What would I have to do if I wanted to add transitions in between the cut outs/ins? I wouldn't want it to just cut away just like that. Please email me back @ vanessa.llave@yahoo.com

    Thank you!

  • Anonymous
    August 29, 2008 at 10:19 PM  

    Thank You! Thank You! Thank You! Thank You! Thank You! Thank You! Thank You! Thank You! Thank You! Thank You! Thank You! Thank You! Thank You!

  • Anonymous
    December 17, 2008 at 9:12 PM  

    You don't need to extract audio in the Events Browser.

    Try cmd-shift dragging in the Project Browser and you get the same effect.

  • iReasons Team
    December 23, 2008 at 7:31 AM  

    Thank you, but how do you save the audio as its own file so it can be imported into iDVD or otherwise used outside of iMovie? (I really can't believe Apple removed the Extract Audio menu option that was there before. Just awful.)

  • Anonymous
    January 2, 2009 at 2:22 PM  

    THis was so helpful to me. Thanks
    I had spent a while trying to figure it out. The only thing that was easy is when I searched in the help I only used the word "extract" so it showed up right away.

  • Anonymous
    January 25, 2009 at 8:36 PM  


  • Anonymous
    January 29, 2009 at 11:18 PM  

    OMG the skidmarks i developed over the last 4 hours watching teeny youtube vid's trying to find this answer have been reversed. Thnkye so. And my girlie just dropped her nickers

  • Ben Schwabe
    February 2, 2009 at 11:30 AM  

    Bloody fantastic - thanks mate, saved me a lot of faffing around. Why don't they tell you all that in the online help!!!

    Good on you and thank you.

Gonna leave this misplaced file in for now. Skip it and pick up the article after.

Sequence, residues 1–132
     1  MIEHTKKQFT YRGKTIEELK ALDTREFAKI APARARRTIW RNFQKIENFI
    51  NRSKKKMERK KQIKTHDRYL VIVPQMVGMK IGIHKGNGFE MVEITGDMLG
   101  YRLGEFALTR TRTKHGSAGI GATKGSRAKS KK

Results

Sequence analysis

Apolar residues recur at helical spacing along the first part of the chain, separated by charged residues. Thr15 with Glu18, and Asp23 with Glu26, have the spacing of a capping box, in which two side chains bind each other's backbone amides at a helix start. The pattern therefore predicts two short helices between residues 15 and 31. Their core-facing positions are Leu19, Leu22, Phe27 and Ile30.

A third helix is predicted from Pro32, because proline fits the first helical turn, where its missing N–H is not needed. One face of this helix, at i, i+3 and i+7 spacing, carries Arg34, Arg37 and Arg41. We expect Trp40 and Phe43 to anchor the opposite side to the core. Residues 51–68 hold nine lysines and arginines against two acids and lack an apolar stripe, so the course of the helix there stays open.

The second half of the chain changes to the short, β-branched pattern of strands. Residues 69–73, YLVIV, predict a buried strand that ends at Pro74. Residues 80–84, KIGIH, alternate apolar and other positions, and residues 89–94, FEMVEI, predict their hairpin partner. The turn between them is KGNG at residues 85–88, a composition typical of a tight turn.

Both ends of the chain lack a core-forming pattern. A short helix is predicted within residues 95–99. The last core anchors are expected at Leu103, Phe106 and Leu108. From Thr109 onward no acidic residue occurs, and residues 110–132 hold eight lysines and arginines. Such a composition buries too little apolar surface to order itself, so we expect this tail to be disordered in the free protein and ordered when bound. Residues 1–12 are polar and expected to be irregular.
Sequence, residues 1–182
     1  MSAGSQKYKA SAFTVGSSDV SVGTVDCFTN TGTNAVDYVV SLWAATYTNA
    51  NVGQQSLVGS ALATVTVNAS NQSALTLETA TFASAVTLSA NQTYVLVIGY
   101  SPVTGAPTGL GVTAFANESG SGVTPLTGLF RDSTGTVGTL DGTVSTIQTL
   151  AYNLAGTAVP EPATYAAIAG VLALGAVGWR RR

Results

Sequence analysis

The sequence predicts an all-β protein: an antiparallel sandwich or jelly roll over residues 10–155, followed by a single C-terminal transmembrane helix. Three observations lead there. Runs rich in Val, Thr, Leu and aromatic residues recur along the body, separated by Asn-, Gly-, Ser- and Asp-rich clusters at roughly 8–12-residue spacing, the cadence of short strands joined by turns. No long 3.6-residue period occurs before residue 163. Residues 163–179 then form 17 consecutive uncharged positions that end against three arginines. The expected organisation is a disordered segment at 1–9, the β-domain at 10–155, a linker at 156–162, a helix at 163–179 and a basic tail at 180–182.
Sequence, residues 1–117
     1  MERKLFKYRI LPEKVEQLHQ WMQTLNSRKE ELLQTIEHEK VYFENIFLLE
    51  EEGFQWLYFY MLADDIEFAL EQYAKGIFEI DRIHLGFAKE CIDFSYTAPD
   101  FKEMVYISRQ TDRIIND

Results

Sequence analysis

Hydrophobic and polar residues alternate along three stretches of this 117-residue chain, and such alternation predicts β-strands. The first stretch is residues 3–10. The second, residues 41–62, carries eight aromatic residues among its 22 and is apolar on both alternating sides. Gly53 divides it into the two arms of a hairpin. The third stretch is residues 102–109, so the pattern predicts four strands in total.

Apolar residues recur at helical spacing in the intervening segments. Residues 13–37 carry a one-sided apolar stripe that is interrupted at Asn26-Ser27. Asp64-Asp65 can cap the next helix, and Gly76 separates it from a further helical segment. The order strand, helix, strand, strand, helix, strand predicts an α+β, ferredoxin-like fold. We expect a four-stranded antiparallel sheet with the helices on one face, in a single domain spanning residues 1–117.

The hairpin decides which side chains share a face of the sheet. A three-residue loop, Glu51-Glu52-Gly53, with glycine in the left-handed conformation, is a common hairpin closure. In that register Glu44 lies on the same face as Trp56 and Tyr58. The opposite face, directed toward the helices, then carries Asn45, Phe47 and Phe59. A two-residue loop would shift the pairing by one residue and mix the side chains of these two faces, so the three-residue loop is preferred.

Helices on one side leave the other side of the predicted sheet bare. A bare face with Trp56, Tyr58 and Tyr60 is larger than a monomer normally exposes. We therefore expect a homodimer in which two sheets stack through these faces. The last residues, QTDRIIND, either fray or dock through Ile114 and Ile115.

• Anonymous
    February 4, 2009 at 9:30 AM  

    An amazing tip; if it looks complicated, it's really a lot simpler than it appears.

  • ArmchairDeity
    March 3, 2009 at 4:20 AM  

    I really miss the iMovie HD timeline view, extract audio tool and, well, simplicity. This may be more forgiving of me, but I am substantially less forgiving of it. That is to say: it sucks.

    I just may grab iMovie HD off an old Mac and see if it runs on Leopard.

  • ArmchairDeity
    March 3, 2009 at 4:27 AM  

    OK for anyone who really hates this process, just grab iMovie HD off your Tiger CD/DVD (if you have one...) and use it instead. It runs on Leopard just fine, tho it's not 64-bit I'm not sure if iMovie 08 is either. All I do know is that it's process for extracting/adjusting audio actually makes sense.

    Thanks for the tutorial though... I could _not_ figure out how to do this using 08 till I read your post.

  • Anonymous
    March 17, 2009 at 7:33 AM  

    I HATE iMovie 08. There, I said it and I feel better. Now I guess I need to deal with the fact that they designed it for media neophytes who will never use it while alienating the rest of us who understand a bloody timeline and WOULD use the product. My first major disappointment with Apple. Sucks.

  • Daniel Tyler Pohnke
    April 1, 2009 at 11:44 PM  

    Thank you so much for this!! How can I take that audio and use it outside the program???

    Please let me know

  • Daniel Tyler Pohnke
    April 1, 2009 at 11:46 PM  

    Thank you again for this!!